Welcome to the World of TAPs – our comprehensive coverage of articles about network TAPs.
Traditionally, monitoring an IT network only meant to keep an eye on the health and status of the hardware equipment which made up that network. As networks grew more complex, IT administrators felt the need to monitor the data traffic in addition to monitoring the hardware. Combined with information security concerns, traffic monitoring became a must for IT administrators. Today, real-time traffic monitoring is an integral part of most enterprise networks.
In order to monitor a traffic stream you need to be able to access and capture the data packets running over the network. There are two common ways to do this. One way is to copy and channel all traffic to a single output port, also known as SPAN port. However, this method is not recommended due to technical limitations. Another, much more recommended, way to access and capture traffic is by using network TAPs.
What is a Network TAP?
A network TAP, or simply TAP, stands for Test Access Point. It is a hardware device commonly used in computer networks to access the traffic flowing within a network.
The traffic, either data or voice, flowing within a network consists of packets travelling between various points. These packets contain the actual data or voice payload that one computer sends to another and vice versa.
Imagine a segment of network connecting two points A and B over a Gigabit Ethernet trunk. To be able to ‘see’ the traffic flowing over this gigabit trunk and capture the packets in real-time, you need to insert a TAP in between the points A and B.A typical TAP has at least 3 ports: two network ports (A and B), and a third monitoring port (M).
The Gigabit Ethernet trunk connecting the network segment points A and B would now have to pass through the TAP. This means that the trunk’s physical cable would be connected to the TAP. All traffic packets would continue to traverse through the A and B ports unobstructed.
All packets would also be copied on the monitoring port M. Thus, any system connected to the monitoring port M would be able to ‘see’ the packets in real-time.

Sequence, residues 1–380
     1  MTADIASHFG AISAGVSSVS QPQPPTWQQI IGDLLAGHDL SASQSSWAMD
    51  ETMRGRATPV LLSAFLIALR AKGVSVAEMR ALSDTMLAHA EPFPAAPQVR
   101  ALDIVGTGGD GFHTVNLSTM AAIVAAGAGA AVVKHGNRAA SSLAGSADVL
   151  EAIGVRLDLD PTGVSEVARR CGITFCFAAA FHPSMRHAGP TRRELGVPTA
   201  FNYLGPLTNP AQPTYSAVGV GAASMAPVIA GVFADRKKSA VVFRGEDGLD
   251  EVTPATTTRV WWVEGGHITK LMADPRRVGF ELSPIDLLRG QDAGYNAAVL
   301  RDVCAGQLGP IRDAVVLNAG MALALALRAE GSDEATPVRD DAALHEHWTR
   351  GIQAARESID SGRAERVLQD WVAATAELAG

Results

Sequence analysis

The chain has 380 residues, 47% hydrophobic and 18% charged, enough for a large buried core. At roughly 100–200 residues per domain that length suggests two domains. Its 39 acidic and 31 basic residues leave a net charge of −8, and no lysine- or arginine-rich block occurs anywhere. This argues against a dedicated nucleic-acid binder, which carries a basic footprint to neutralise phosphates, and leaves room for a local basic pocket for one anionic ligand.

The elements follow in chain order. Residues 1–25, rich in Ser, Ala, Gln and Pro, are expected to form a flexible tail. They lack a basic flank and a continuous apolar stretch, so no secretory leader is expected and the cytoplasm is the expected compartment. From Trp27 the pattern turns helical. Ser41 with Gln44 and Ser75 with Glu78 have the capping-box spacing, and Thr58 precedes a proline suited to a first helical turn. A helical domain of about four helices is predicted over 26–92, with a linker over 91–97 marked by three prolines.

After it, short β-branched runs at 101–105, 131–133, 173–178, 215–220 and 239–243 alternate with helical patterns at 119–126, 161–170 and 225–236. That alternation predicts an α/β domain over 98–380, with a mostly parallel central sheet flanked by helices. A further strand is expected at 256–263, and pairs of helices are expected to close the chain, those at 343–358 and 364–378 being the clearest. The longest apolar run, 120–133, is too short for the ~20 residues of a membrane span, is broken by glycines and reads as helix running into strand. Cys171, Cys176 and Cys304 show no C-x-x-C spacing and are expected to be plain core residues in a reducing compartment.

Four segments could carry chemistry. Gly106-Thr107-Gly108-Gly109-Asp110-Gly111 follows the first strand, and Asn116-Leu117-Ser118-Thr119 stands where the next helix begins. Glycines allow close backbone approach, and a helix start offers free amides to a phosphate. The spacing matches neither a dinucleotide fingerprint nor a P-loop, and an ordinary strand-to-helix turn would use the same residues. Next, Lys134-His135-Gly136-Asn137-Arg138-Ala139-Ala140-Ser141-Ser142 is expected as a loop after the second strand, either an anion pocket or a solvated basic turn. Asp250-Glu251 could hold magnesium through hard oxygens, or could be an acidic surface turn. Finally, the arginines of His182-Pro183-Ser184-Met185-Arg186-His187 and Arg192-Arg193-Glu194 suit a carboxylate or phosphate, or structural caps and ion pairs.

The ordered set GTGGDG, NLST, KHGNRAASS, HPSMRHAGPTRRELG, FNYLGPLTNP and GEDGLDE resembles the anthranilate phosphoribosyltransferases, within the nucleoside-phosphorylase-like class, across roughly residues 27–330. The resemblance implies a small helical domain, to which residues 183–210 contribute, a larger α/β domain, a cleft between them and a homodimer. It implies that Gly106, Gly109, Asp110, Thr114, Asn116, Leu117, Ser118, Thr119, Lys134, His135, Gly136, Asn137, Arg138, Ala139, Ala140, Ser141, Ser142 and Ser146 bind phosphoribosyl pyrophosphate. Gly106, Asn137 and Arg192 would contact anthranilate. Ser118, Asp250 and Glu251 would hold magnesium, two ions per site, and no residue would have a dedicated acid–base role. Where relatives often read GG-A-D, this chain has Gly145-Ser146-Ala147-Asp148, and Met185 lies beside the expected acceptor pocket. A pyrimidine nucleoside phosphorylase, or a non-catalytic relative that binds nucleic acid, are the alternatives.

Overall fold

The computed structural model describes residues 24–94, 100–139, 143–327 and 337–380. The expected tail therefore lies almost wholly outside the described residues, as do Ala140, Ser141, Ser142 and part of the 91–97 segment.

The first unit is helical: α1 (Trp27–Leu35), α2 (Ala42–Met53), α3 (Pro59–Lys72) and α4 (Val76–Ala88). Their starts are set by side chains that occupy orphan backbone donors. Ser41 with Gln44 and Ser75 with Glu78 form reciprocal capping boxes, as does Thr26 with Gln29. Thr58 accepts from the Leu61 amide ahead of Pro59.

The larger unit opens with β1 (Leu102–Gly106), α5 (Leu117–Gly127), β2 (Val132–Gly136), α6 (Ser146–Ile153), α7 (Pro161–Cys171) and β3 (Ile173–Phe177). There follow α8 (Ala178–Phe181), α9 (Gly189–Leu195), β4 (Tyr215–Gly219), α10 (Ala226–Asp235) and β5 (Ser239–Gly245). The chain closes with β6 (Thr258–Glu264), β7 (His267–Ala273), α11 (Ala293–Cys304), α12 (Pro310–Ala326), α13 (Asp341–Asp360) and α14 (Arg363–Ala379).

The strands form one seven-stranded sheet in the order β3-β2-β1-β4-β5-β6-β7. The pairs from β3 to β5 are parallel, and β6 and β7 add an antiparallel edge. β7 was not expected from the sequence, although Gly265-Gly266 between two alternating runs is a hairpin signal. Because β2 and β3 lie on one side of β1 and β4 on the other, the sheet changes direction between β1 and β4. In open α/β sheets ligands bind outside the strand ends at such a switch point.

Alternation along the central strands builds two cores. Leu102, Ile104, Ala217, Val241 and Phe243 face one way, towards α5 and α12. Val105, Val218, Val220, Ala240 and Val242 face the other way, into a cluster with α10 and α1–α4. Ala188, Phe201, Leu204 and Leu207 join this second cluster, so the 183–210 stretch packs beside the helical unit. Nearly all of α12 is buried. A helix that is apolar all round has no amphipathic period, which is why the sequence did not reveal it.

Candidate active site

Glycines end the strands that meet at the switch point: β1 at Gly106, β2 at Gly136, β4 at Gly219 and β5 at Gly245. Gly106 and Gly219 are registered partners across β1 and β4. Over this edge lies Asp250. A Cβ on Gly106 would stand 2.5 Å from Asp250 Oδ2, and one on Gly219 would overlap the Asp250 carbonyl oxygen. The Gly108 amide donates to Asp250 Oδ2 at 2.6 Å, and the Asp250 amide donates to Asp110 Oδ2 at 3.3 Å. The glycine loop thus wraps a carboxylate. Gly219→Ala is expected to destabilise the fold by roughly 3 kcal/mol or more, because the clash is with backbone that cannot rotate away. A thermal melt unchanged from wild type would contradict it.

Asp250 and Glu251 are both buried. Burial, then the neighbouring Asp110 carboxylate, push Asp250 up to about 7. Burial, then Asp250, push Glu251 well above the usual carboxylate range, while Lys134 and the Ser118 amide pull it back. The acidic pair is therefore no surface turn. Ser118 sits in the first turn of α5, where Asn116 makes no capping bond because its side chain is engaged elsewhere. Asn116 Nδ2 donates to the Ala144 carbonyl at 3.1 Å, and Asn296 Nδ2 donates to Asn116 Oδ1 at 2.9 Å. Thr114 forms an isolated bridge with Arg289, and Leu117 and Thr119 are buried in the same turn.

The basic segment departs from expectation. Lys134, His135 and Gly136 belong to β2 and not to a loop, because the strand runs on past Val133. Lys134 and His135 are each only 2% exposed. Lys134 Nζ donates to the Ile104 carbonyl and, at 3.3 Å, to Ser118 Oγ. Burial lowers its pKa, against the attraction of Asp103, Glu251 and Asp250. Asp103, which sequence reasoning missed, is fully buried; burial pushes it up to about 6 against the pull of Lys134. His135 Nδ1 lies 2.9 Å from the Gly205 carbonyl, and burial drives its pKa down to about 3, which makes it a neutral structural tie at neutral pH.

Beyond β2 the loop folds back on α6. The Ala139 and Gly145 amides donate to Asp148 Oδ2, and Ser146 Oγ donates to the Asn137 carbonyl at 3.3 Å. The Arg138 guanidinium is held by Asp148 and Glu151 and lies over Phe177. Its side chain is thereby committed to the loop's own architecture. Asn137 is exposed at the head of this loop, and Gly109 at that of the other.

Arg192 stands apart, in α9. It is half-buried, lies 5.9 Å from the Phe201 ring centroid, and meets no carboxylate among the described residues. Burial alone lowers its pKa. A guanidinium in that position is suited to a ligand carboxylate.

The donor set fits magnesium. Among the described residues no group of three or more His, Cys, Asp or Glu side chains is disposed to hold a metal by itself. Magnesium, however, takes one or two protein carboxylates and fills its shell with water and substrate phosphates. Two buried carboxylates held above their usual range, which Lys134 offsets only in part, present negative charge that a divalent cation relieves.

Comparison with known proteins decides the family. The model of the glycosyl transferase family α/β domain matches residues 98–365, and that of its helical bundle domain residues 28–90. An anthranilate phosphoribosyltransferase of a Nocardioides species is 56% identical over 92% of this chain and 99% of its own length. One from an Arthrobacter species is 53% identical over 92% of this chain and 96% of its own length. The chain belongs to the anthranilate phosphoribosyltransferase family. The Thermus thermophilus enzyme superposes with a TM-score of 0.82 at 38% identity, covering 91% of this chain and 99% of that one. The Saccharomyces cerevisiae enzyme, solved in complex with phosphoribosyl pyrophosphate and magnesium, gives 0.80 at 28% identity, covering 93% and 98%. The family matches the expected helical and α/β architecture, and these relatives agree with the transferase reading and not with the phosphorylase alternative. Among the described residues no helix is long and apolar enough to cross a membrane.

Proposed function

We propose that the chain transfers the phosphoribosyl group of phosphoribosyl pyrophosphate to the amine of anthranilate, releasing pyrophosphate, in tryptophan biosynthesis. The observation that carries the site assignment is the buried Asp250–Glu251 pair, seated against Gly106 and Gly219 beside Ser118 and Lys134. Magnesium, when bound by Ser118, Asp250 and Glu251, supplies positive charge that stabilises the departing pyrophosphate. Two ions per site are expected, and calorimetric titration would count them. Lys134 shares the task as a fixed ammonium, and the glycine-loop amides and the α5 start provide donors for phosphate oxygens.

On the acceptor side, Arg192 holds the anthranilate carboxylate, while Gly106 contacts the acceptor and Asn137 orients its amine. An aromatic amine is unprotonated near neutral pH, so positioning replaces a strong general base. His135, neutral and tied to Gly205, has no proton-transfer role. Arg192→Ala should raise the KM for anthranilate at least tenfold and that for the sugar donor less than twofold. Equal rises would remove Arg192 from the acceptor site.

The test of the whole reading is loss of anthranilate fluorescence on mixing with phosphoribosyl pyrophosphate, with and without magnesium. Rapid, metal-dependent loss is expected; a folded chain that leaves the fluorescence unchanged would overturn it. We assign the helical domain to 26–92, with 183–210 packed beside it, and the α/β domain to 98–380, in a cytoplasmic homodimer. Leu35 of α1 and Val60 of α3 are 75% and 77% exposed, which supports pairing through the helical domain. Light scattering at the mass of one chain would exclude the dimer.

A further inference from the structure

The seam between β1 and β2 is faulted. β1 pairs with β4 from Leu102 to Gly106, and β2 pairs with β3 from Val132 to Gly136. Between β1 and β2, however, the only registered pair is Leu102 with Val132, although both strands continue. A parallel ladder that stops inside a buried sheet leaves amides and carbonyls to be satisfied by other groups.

Usually, the system connected to the monitoring port M is hosting either a network monitoring software, a network analyser, a packet sniffer, or a deep packet inspection tool, e.g. Wireshark.
Capture Network Packets
Most modern TAP manufacturers produce Aggregation TAPs. This allows capturing the traffic streams flowing in both directions, A to B and B to A, simultaneously. For example, if a network link allows 100 Mbps of data to flow in each direction at the same time, it means that the network port really allows 200 Mbps of aggregate throughput.
In case the TAP has only 3 ports, with the third port (M) being a Fast Ethernet NIC (100 Mbps), then this can be a problem for monitoring, because the total aggregate of the traffic streams of ports A and B would be 200 Mbps, which cannot be captured completely on an output port of 100 Mbps throughput.
The solution for this is to either have two monitoring ports, M1 and M2, or the monitoring port M should be of a higher throughput, e.g. Gigabit Ethernet (1 Gbps). In case of two monitoring ports, the host system receiving the packets would need to have link aggregation to merge the two links into one aggregate interface to see both directions of the traffic.
However, most modern TAPs do not face such problems as they have a full-scale solution to cater multiple streams of traffic by having multiple higher-end output (monitoring) ports.
A very important point to consider in TAPs is that they should not become a point of failure themselves in a network. This means that the network ports (A and B) should operate in true passthrough mode without depending on the power source or any other element of the TAP. Whenever there is a failure in power or the circuit board of the TAP, the network ports should connect to each other on a hardware level and bypass the TAP’s internal circuitry.
In the case of Gigabit Ethernet TAPs, this is achieved by having hardware relays built into the network ports which connect to each other in case of any failure in the TAP, allowing traffic to continue to flow between ports A and B.
In the case of Fast Ethernet TAPs, the network ports are galvanically separated from the rest of the TAP, ensuring that the link stays up at all times.
The speed of the hardware relays would determine whether its switching comes across as obtrusive or non-obtrusive. Because packet networks are sensitive to even microsecond delays, any TAP failure event and the subsequent relay switching between ports A and B can be detected as a glitch in the network.
In this case, the network switch would then reinitiate handshake procedure at the Ethernet layer, which can take up to 3 seconds for link restoration. Hence a minor downtime (packet drop, ping loss, link loss, etc.) can be reported in the network. Some of the advanced TAPs available today bypass this problem by having network ports with nanosecond hardware relays in non-blocking design.
In addition to monitoring, network TAPs are also used for security applications, e.g. network intrusion detection/prevention systems (IDS/IPS), security event and incident management (SEIM), packet sniffers, and similar other platforms that require access to a network segment.
TAP devices are used in security applications because they are non-intrusive and are undetectable on the network (having no physical or logical address). More about the Different Types of Network TAPs in this article.
TAP technology has evolved rapidly in the past few years and there is a wide variety of TAPs available on the market today. Some are copper-based and some are for fiber-optic. We will cover all of them in our next episode of the World of TAPs. Stay tuned for more updates.
Continue reading the 2nd part of The World of TAPs here.